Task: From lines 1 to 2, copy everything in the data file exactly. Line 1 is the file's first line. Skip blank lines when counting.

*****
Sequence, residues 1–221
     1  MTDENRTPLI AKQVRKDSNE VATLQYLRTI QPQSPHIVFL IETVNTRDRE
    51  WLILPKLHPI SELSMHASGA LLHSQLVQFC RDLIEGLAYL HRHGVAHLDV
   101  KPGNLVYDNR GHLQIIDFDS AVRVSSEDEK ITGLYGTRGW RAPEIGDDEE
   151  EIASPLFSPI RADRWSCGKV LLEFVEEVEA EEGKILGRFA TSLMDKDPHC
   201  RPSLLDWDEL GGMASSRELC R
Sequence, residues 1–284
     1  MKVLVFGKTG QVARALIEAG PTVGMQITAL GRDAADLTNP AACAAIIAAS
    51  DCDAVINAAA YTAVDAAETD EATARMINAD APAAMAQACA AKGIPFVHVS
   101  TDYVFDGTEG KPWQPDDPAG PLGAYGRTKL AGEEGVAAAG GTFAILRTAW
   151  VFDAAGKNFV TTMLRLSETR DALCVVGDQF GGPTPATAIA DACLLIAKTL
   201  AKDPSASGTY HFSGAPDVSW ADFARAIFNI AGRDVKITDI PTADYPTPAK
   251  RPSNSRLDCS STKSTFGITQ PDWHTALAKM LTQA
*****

Sequence, residues 1–221
     1  MTDENRTPLI AKQVRKDSNE VATLQYLRTI QPQSPHIVFL IETVNTRDRE